Feeds

Vista's EULA product activation worries

Walking on thin ice?

Beginner's guide to SSL certificates

The terms of Microsoft's End User License Agreement (EULA) for its upcoming Vista operating system raises the conflict between two fundamental principles of contract law. The first, and more familiar, is that parties to a contract can generally agree to just about anything, as long as what they agree to doesn't violate the law and isn't "unconscionable".

The second principle is that the law generally disfavours the remedy of "self-help". That is to say that, if there is a violation of the terms of a contract, you usually have to go to court, prove the violation, and then you are entitled to damages or other relief.

The terms of the Vista EULA, like the current EULA related to the Windows Genuine Advantage, allows Microsoft to unilaterally decide that you have breached the terms of the agreement, and they can essentially disable the software, and possibly deny you access to critical files on your computer without benefit of proof, hearing, testimony, or judicial intervention.

In fact, if Microsoft is wrong, and your software is, in fact, properly licensed, you probably will be forced to buy a license to another copy of the operating system from Microsoft just to be able to get access to your files, and then you can sue Microsoft for the original license fee. Even then, you wont be able to get any damages from Microsoft, and may not even be able to get the cost of the first license back.

Product activiation in the Vista license

Suppose you buy a new computer after January 2007, or purchase an early upgrade for one of the various flavors of Vista. The first problem is, you may think you bought a copy of the operating system. Actually, the OS is still owned by Microsoft. You may own a physical DVD, but what you have "bought" is the right to use the software subject to any of the terms and conditions of the End User License Agreement (EULA), which you may or may not have access to at the time you buy the computer or disk.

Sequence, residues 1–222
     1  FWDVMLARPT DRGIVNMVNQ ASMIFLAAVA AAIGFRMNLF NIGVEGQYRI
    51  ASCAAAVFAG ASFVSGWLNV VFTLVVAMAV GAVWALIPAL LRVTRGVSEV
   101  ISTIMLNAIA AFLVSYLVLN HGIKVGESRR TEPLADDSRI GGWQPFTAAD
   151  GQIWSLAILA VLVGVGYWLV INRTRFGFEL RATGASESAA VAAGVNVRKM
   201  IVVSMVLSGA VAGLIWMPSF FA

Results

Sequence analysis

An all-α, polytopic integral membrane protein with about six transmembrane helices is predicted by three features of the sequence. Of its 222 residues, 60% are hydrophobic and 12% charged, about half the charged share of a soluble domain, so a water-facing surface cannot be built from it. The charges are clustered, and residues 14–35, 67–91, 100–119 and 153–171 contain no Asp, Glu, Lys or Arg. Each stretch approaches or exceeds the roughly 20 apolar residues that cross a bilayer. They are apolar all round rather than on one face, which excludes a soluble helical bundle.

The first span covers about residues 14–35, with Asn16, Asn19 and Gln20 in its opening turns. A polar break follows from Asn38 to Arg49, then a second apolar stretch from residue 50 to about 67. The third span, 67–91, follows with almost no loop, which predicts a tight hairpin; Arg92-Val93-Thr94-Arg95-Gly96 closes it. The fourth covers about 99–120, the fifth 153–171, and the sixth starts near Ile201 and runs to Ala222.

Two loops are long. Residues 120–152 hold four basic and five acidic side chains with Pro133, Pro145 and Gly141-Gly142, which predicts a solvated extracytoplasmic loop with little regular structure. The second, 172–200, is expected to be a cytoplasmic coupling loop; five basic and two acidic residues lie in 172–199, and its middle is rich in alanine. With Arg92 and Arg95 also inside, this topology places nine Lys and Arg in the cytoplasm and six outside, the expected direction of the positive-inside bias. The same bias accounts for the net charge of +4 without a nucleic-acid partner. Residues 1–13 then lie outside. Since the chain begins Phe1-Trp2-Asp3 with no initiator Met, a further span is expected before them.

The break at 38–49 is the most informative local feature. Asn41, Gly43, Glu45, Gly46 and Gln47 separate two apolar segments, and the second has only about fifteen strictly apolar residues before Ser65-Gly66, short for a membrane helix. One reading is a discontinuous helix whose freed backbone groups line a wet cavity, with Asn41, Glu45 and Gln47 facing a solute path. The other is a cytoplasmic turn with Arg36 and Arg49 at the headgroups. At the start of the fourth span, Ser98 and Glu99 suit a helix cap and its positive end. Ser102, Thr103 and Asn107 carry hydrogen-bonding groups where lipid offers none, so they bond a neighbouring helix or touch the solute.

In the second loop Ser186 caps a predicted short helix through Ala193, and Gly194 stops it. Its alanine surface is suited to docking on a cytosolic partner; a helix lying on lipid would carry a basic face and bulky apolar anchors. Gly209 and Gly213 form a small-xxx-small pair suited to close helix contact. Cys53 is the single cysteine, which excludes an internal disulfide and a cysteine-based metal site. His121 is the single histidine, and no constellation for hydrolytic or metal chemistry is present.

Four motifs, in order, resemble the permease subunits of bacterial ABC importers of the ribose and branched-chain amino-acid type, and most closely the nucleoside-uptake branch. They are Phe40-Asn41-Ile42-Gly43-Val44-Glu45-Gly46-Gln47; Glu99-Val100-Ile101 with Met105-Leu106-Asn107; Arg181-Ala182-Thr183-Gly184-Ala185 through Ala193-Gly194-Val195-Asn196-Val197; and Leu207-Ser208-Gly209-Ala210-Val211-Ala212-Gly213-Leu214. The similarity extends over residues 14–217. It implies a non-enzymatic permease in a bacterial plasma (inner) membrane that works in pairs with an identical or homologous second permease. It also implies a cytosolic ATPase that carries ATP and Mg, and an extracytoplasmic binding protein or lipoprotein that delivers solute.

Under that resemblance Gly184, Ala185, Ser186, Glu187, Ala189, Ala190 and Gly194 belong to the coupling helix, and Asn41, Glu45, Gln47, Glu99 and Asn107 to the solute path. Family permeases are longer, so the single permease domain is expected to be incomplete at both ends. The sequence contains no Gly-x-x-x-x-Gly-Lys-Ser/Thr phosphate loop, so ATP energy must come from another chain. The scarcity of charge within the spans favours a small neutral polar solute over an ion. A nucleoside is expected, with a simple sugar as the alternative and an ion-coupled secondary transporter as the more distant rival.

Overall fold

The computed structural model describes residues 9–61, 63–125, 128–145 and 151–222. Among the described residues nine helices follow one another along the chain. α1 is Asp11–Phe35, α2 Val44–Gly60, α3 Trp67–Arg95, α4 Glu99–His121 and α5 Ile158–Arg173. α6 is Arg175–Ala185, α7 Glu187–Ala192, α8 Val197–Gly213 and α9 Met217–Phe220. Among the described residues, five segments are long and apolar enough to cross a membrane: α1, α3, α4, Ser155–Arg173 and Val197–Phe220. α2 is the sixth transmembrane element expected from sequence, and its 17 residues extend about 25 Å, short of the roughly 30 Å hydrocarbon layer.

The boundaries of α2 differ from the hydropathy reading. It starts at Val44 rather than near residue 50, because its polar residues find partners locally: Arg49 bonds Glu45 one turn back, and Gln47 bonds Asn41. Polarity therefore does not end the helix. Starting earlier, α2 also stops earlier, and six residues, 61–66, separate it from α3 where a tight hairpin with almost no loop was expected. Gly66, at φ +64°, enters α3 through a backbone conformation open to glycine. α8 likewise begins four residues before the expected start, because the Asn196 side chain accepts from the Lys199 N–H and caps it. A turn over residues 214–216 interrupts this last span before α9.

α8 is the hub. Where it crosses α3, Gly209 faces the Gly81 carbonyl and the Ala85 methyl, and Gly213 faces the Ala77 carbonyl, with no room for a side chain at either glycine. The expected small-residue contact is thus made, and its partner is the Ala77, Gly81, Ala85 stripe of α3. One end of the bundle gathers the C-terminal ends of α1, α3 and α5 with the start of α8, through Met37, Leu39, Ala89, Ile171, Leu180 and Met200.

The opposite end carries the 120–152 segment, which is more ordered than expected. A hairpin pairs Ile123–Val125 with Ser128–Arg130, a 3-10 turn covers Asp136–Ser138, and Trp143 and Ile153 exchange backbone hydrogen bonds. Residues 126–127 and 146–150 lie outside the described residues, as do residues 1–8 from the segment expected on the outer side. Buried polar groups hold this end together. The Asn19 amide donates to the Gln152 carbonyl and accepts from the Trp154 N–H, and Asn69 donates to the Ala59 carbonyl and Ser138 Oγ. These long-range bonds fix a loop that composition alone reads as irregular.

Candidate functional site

Typically, the EULA will be contained in micro-print on the outside of a DVD, or may be on a splash screen that prompts you to unequivically declare, "I agree..." as a condition precedent to installing or booting the software. Courts have pretty much established that this manner of acquiescence is okay, provided there is some way for you to get your money back if you don't agree to the EULA.

The Vista EULA informs the licensee that Vista will automatically send information about the version, language and product key of the software, the user's Internet protocol address of the device, and information derived from the hardware configuration of the device.

Beginner's guide to SSL certificates

More from The Register

next story
Microsoft on the Threshold of a new name for Windows next week
Rebranded OS reportedly set to be flung open by Redmond
Business is back, baby! Hasta la VISTA, Win 8... Oh, yeah, Windows 9
Forget touchscreen millennials, Microsoft goes for mouse crowd
SMASH the Bash bug! Apple and Red Hat scramble for patch batches
'Applying multiple security updates is extremely difficult'
Apple: SO sorry for the iOS 8.0.1 UPDATE BUNGLE HORROR
Apple kills 'upgrade'. Hey, Microsoft. You sure you want to be like these guys?
ARM gives Internet of Things a piece of its mind – the Cortex-M7
32-bit core packs some DSP for VIP IoT CPU LOL
Lotus Notes inventor Ozzie invents app to talk to people on your phone
Imagine that. Startup floats with voice collab app for Win iPhone
'Google is NOT the gatekeeper to the web, as some claim'
Plus: 'Pretty sure iOS 8.0.2 will just turn the iPhone into a fax machine'
prev story

Whitepapers

A strategic approach to identity relationship management
ForgeRock commissioned Forrester to evaluate companies’ IAM practices and requirements when it comes to customer-facing scenarios versus employee-facing ones.
Storage capacity and performance optimization at Mizuno USA
Mizuno USA turn to Tegile storage technology to solve both their SAN and backup issues.
High Performance for All
While HPC is not new, it has traditionally been seen as a specialist area – is it now geared up to meet more mainstream requirements?
Beginner's guide to SSL certificates
De-mystify the technology involved and give you the information you need to make the best decision when considering your online security options.
Security for virtualized datacentres
Legacy security solutions are inefficient due to the architectural differences between physical and virtual environments.